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Looking for title and author of a short story.

A pilot of an (American?) near-future military jet and his machine find themselves back in time on an airfield near the front line in World War I. The pilot decides to use the awesome power of his modern machine to aid the allied cause. However he encounters problems. It takes a huge amount of time and effort filtering lamp oil to make the fuel his jet needs. The wooden enemy planes don't show up on radar, and his heat seeking missiles won't lock into them. The WWI pilots are generally skeptical of his machine's capabilities. I believe the aircraft may have been called something like "Pica Don".

The story is English, and I read it around the nineties. Oh, and absolutely positively no aircraft carriers are involved.

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Looking for title and author of a short story.

"Hawk Among the Sparrows", a novella by Dean McLaughlin.

A pilot of an (American?) near-future military jet and his machine find themselves back on an airfield near the front line in World War I.

Blake appeared to consider while he started on his second glass. He permitted himself a smile and a chuckle. "I'd say a man's got to be a bit crazy if he wants to fly in this war, and if you want to fight Huns you've come to the right place."

He didn't believe. Well, you couldn't expect him to. "I was born in 1946," Farman told him. "I'm thirty-two years old. My father was born in 1920. Right now it's nineteen . . . seventeen?"

"Nineteen eighteen, Blake said. "June tenth. Have another brandy."

The pilot decides to use the awesome power of his modern machine to aid the allied cause.

"You are a pilot, M'sieu Farman?" Deveraux asked.

Farman nodded. "And I've got a plane that can fly faster and climb higher than anything you've got. I'd like a try at this Keyserling."

However he encounters problems. It takes a huge amount of time and effort filtering lamp oil to make the fuel his jet needs.

Deveraux frowned, touched his moustache. "Kero-sine?"

"Paraffin," Blake said. "Lamp oil." He turned to Farman. "They call it paraffin over here. But five hundred gallons—are you nuts? There isn't an aeroplane flying that needs that much lubricating. Shucks, this whole escadrille doesn't use that much gas in a week. Besides, it's no good as a lubricant—if it was, you think we'd be using the stuff we do?"

The wooden enemy planes don't show up on radar, and his heat seeking missiles won't lock into them.

Farman swore with self-directed disgust. He should have thought of it. Those planes were invisible to radar. They didn't have enough metal to make a decent tin can, so his radar equipment rejected the signals they reflected as static. For the same reason, the proximities hadn't worked. The rockets could have passed right through the formation—probably had—without being triggered. As far as the proximities were concerned, they'd flown through empty air. He might as well have tried to shoot down the moon.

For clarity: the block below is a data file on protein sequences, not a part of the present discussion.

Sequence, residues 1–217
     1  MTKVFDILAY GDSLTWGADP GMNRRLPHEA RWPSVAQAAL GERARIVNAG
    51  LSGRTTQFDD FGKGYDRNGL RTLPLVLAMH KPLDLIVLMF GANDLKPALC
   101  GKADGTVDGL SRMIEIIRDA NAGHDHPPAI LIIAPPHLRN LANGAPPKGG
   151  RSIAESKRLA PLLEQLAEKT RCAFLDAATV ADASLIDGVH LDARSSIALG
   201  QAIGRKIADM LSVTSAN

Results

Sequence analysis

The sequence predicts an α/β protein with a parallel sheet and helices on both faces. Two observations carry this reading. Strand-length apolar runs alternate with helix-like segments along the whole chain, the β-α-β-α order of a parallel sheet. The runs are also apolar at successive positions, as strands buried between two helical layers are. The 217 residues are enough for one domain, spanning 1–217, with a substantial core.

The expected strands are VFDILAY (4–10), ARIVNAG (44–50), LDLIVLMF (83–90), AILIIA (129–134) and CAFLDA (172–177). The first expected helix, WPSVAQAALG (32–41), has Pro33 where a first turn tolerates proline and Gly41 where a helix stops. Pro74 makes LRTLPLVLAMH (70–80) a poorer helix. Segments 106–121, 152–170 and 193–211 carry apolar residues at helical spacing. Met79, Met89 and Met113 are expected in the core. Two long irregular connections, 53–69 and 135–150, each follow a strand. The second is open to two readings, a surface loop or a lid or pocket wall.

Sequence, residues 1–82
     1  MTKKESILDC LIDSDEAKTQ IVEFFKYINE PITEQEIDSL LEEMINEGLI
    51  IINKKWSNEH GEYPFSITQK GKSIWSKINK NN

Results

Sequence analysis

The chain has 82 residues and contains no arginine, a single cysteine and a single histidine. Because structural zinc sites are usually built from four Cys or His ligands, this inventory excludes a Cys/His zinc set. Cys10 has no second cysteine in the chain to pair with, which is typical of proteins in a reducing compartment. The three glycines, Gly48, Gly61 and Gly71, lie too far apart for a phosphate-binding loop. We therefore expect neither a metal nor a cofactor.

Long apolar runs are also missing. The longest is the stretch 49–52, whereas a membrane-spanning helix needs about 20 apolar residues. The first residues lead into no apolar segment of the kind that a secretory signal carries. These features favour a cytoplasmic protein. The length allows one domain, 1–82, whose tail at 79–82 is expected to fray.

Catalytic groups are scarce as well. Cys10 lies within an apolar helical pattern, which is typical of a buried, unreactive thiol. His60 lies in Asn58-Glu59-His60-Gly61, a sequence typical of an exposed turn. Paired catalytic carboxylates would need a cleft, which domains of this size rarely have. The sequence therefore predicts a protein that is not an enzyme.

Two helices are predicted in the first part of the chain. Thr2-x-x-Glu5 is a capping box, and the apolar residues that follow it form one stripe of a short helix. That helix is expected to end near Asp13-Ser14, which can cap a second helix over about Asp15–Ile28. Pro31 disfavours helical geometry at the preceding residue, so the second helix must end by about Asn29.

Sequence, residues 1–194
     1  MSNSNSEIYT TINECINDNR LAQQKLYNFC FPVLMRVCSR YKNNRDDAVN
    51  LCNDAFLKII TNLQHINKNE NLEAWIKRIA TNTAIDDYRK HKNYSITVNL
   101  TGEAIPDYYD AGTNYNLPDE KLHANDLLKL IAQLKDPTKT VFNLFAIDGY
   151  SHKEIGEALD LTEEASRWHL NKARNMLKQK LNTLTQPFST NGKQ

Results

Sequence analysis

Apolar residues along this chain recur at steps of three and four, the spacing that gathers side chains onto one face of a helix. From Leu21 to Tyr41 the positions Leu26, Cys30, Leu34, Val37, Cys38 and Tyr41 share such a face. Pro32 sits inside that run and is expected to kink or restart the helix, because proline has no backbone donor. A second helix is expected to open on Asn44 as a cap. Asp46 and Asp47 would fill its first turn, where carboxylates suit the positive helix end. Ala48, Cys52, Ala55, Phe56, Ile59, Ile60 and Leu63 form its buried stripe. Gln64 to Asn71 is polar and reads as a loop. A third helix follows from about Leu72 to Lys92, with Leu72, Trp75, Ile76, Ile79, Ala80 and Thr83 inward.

The WWI pilots are generally skeptical of his machine's capabilities.

Deveraux was philosophically gentle. "You have seen now, M'sieu, the rockets you carried were not an adequate armament for combat situations. Now, if you will show our mechanics where you think it would be best to mount the machine guns they . . ."

I believe the aircraft may have been called something like "Pica Don".

The opening paragraph:

The map-position scope on the left side of Pika-Don's instrument panel showed where he was, but it didn't show airfields. Right how, Howard Farman needed an airfield. He glanced again at the fuel gauge. Not a chance of making it into Frankfurt, or even into West Germany. Far below, white clouds like a featureless ocean sprawled all the way to the horizon.

  • That's exactly it. But much older than i thought. – DJClayworth Dec 1 '15 at 18:55
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    I remember this story. I was disappointed that the pilot could think of nothing better to do than fight the equivalent of the Red Baron. As far as I remember he never even thought of trying to end the war or prevent World War two. – M. A. Golding Mar 26 '17 at 5:08
  • @M.A.Golding And why use his jet for fighter purposes at all? Surely his missiles would make his plane better served as a strike bomber. – Sydney Sleeper Apr 25 '18 at 22:22
  • Or even just fly close by the enemy aircraft. WWI biplanes have a tendency to break apart in the wake of modern jetfigthers' engines. – Bent Sep 24 '18 at 17:15

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